Regulatory Deficits Should Be Manageable

We think several LRGs will cover potential regulatory deficits in the coming two years with accumulated surpluses. Sweden's Municipal Act states, however, that LRGs need to narrow deficits toward the balanced budget requirement within three years. In addition, the need for LRGs to pay larger pension payments in the future implies less funds available to meet other expenditure items, such as welfare.

Still, we consider that some LRGs are likely to cite extraordinary circumstances ("Synnerliga skäl") as a reason for going into deficit. According to the Municipal Act, under certain circumstances, an LRG is not obliged to restore the deficit within the three-year timeframe. Although this can relieve pressure on fiscal flexibility in the near term, unaddressed deficits will weigh on LRGs' solvency, which is already weak, especially for the regions, and may require tough prioritizations in future budgets.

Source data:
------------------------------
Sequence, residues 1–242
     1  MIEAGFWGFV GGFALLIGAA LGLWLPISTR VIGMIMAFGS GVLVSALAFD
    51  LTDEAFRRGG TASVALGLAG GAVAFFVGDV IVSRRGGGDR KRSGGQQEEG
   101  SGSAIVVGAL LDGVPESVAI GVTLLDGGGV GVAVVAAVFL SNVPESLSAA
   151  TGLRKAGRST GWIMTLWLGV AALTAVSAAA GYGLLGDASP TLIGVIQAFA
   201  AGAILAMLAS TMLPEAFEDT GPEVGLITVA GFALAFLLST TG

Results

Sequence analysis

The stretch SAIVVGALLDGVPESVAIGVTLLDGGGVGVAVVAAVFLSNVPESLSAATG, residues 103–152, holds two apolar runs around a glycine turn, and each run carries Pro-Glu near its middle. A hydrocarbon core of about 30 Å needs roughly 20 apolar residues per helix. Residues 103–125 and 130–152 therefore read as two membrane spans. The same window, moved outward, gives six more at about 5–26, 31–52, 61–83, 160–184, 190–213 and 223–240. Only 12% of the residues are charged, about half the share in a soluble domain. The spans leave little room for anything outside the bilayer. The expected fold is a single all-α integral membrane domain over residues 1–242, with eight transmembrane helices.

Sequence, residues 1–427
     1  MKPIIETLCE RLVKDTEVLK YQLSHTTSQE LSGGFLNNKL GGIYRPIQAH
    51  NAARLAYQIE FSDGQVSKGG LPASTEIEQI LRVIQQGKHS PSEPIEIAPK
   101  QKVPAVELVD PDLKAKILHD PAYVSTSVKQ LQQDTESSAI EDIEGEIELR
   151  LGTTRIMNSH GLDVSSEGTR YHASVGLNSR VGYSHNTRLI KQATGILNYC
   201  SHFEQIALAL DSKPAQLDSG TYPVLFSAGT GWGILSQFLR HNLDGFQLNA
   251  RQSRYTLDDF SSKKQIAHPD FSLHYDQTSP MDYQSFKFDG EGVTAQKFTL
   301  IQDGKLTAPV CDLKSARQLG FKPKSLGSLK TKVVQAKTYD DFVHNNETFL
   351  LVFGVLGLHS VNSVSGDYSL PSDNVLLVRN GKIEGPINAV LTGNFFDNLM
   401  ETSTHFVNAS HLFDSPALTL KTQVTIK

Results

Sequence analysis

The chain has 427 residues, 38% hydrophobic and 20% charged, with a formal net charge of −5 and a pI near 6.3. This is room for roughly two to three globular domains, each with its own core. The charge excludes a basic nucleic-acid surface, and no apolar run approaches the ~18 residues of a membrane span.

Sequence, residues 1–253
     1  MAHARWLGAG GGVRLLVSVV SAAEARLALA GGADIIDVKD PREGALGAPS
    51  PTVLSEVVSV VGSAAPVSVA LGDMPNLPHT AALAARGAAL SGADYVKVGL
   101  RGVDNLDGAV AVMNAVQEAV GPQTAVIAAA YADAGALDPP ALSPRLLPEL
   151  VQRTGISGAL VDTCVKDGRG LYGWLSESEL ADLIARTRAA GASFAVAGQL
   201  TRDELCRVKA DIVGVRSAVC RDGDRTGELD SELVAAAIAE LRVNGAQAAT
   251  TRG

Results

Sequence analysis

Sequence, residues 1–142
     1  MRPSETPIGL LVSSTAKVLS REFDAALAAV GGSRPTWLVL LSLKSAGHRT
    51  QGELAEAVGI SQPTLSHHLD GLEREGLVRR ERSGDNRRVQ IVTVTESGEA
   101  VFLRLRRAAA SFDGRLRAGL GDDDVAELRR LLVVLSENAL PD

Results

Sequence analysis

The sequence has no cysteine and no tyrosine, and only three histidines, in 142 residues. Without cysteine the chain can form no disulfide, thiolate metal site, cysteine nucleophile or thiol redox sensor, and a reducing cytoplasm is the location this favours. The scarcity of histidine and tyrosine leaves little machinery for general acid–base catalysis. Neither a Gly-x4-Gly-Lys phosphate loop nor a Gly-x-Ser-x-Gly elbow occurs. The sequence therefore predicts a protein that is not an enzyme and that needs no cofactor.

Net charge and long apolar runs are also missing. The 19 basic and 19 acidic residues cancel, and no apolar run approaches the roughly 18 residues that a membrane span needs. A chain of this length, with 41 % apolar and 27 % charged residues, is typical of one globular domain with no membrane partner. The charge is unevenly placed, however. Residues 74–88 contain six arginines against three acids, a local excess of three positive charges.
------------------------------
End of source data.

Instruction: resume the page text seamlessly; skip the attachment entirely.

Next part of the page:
LRGs' Credit Strength Allows Ample Capacity For Cost Absorption

Among the 24 LRGs we rate in Sweden, we have noted various approaches to manage pension-related issues in the coming two years. In our assessment of their management, we reflect each LRG's ability to balance its budget and comply with regulatory requirements. However, we regard the sectorwide inflation-related pension cost pressures as temporary. Consequently, we will not generally consider potential budget deficits in 2023 and 2024 to be a negative factor in our assessment of management, unless we observe performance that deviates materially from peers'.